The State at the Street:
From European Refugee Crisis to the Front-Lines of the Welfare State
A Political-Organizational Inquiry



The State at the Street (TSS) investigates contemporary asylum politics from the state-level to the street-level, focusing on the advanced welfare states of Sweden and Denmark. It utilizes extended field studies to investigate how organizational arrangements and practices form the realities of asylum on the ground in the context of a fraught and highly-contested migration politics. The project is designed to contribute, broadly, to the study of welfare state politics and street-level organizations. It also is designed, more specifically, to contribute to understanding the political and practical challenges of addressing mass migration and human rights. The collaborative project is co-located at the University of Chicago, Aalborg University, and University of Gothenburg.


In recent years, migration and asylum have become, in a sense, the third rail of western democratic politics. From Europe to the US, nations facing episodes of mass migration have struggled to simultaneously address human rights, welfare, security, and social integration concerns. At the same time, they face growing political mobilization against established immigration and human rights provisions and practices.

This project, TSS, investigates the fraught politics of asylum, taking analysis from the level of the state – where formal policies are made — to the level of the street — where administrative arrangements and informal organizational practices shape the realities of asylum and human rights on the ground. It takes up the case of the European refugee crisis, which emerged as violence escalated in Syria, Iraq, Afghanistan, Eritrea and other conflict zones in 2014-15 precipitating the flight to Europe of waves of refugees seeking safety and a better life. Hundreds of thousands made their way to northern Europe, drawn in part by the reputation of Nordic countries for responding to humanitarian and social welfare needs.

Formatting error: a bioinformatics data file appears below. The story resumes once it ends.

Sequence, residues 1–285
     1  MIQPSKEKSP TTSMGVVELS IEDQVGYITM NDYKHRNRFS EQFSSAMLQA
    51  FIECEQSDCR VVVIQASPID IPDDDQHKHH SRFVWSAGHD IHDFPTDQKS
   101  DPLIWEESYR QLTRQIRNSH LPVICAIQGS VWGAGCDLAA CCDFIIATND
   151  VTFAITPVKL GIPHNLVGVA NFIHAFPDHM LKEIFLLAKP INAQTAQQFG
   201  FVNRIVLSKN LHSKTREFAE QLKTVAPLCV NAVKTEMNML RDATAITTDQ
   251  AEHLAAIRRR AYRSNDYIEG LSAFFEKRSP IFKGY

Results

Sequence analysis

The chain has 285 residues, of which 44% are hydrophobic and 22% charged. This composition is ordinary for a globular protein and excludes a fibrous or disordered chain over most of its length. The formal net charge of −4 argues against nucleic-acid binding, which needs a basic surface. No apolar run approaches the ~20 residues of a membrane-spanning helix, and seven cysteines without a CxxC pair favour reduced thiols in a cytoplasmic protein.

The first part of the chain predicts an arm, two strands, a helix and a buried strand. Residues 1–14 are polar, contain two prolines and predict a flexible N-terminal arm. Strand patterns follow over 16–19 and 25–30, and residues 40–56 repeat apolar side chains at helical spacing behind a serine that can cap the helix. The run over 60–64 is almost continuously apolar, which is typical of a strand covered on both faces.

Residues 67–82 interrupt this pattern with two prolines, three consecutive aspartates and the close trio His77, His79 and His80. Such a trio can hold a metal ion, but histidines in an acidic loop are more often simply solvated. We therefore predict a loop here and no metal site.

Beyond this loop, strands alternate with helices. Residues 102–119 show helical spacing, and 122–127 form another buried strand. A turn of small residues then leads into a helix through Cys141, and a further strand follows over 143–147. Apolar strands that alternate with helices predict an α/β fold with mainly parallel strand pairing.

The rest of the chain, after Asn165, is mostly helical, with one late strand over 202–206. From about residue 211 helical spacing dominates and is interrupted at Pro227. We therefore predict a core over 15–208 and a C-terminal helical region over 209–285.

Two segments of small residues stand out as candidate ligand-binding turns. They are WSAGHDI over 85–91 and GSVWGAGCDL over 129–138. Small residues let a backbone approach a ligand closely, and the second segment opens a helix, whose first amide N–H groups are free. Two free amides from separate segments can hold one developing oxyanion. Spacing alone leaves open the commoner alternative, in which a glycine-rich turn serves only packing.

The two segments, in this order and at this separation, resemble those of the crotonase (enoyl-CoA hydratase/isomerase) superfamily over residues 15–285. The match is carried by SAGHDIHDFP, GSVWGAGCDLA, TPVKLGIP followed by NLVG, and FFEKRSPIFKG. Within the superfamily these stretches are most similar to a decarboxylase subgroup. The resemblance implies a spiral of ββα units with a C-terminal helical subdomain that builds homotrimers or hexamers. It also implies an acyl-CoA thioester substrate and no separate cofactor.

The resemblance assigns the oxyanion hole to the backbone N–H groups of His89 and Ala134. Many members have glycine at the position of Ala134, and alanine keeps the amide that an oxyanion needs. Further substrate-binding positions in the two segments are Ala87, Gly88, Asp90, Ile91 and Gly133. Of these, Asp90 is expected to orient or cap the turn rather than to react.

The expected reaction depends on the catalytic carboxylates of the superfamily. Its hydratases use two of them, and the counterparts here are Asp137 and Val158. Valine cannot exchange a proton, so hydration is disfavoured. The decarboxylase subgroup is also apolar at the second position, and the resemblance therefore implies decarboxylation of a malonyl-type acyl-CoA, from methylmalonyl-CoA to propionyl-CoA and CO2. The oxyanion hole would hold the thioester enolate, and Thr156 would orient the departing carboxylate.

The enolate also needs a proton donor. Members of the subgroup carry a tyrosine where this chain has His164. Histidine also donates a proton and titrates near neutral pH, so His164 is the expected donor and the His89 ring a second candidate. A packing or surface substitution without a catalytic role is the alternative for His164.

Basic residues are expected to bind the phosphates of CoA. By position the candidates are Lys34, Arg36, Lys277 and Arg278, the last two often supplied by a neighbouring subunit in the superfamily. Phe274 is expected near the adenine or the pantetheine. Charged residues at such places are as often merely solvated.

TSS undertakes a close, comparative inquiry into the responses of two neighboring states. It follows the political and practical struggles the crisis gave rise to in the Sweden, which took in more asylum-seekers per capita than any other European country, and Denmark, which ranked fifth in Europe. Despite their well-developed capacity to respond to social welfare needs, both countries have struggled to respond to the refugee crisis and its aftermath.

The view from the ground over time provides insights into the daunting practical challenges that arise in accommodating and incorporating thousands of newcomers, as well as the political challenges of responding to domestic divisions that the crisis sharpened and intensified. These challenges are, in some respects, unique to these countries, but in other ways, quite similar to challenges facing western democracies throughout Europe and North America. From a historical perspective, these are hardly new or unique problems given earlier periods of mass migration and disrupted politics that have occurred across Europe and North America. If history is any guide, one can expect that episodes of crisis will reoccur, albeit never in precisely the same way. In this project, we ask what lessons can be drawn from a close examination of these experiences?